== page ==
The living room is a dressed up but comfortable space and centrally located and open to other rooms. To work with this layout we selected lighting to work with the adjoining rooms’ lighting look and metal finishes. We chose a masculine chandelier in bronze and brass, the rounded shape similar to lighting in all downstairs rooms. Previously purchased large artwork with gold leaf works with a modern brass double sconce that will top the built-in bookcases.

Main Bathroom – warming up a sterile space with texture

Our plan for this bathroom was a warm and vintage-inspired space with tongue and groove wood wainscoting, warm marble countertops and a painted freestanding footed tub. The flush-mounted light, which hangs over the tub, looks great in a soft white wicker and adds a touch of texture to a typically hard-surfaced room. Muted blue-green painted vanities further warm the space and add interest.

Powder Room – creating a big look in a tiny space

This tiny half-bath under the stairs offers barely enough space for a sink so we made the most of it with a big look. We used an antique table, open at the base to add the illusion of more space, that will hold a vessel sink. The wall-mounted faucet in Italian Brass will also require less space. We selected a slim pair of sconces in bronze and brass that will hang on the walls adjacent to the vanity.

Kitchen – unifying a room with metals and marble

The kitchen in this project is space-challenged and oddly shaped so we knew the look had to be special to compensate for its other drawbacks. We chose a muted blue-green cabinet color, white-painted wood wainscoting and wood ceilings and chose Imperial Danby marble with lots of brown veining. We then selected lighting and cabinet hardware in bronze that will unify the entire area that is open to other rooms.

Keeping Room – balancing a tall space with a small footprint

The keeping room is open to the breakfast room, kitchen, sunroom and living room and has an impressive height but a small footprint. We wanted lighting with the right look, shape and size, large but not too large, that would suit the space while complementing other lighting in the area. We selected a traditional style chandelier in bronze that is large in overall size but open and airy, so the size doesn’t overwhelm the space. We’ll add linen shades to add more interest and softness.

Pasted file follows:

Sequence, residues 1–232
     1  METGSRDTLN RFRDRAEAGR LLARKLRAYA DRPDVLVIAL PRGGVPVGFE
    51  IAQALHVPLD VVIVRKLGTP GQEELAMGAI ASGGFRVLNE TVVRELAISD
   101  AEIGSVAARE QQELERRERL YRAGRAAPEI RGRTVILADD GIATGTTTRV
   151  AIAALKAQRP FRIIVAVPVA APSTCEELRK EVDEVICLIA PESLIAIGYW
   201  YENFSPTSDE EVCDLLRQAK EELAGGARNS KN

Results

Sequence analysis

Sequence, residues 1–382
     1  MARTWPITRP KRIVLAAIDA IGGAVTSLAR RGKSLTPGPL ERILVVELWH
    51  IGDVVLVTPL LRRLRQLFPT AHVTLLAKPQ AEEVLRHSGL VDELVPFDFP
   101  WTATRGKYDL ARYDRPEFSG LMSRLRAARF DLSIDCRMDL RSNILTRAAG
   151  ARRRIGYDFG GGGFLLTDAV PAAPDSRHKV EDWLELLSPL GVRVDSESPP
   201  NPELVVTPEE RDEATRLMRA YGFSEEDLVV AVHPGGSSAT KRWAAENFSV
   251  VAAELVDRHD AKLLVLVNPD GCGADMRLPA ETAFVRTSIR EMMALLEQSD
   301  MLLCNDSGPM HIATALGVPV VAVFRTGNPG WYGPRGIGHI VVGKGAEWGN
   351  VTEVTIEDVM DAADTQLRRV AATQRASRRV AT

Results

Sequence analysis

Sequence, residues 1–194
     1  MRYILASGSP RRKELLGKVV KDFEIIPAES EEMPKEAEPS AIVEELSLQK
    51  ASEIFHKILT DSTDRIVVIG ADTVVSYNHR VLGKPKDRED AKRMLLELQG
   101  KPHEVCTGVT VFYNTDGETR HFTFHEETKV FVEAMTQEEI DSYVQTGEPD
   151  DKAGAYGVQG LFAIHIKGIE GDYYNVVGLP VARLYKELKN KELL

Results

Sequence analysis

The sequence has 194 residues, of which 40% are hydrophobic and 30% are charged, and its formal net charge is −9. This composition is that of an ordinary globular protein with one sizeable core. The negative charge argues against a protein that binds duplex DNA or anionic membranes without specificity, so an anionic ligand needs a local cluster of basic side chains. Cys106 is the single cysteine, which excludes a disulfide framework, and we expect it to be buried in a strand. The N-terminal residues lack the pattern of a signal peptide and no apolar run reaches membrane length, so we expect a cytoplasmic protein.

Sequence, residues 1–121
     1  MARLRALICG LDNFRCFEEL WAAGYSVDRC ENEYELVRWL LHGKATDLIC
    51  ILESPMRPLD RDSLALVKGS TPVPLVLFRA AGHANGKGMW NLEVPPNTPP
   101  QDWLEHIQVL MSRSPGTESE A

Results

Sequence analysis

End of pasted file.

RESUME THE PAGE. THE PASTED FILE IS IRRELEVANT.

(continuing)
Breakfast Room – creating the illusion of space in a small room

This small octagonal space is open to the kitchen, side entry, keeping room and sunroom and its footprint is small so a baluster-base table and six small chairs will be the only furnishings in the room. We wanted lighting that would not impede the view or block the light from the single window or other areas, so we selected a clear glass lantern in bronze, tall in height and oversized to take advantage of the vaulted ceiling.

Sunroom – creating contrast with warm white and walnut

The sunroom is an octagonally shaped space with expansive views of the pool and golf course and with lots of natural light. The vaulted ceiling and walls are tongue and groove wood boards painted in a warm white so we selected a large antique cabinet for the TV and coffee table trunk in walnut to create a warm, high-contrast look. We selected a ceiling fan in bronze with walnut blades to continue the look.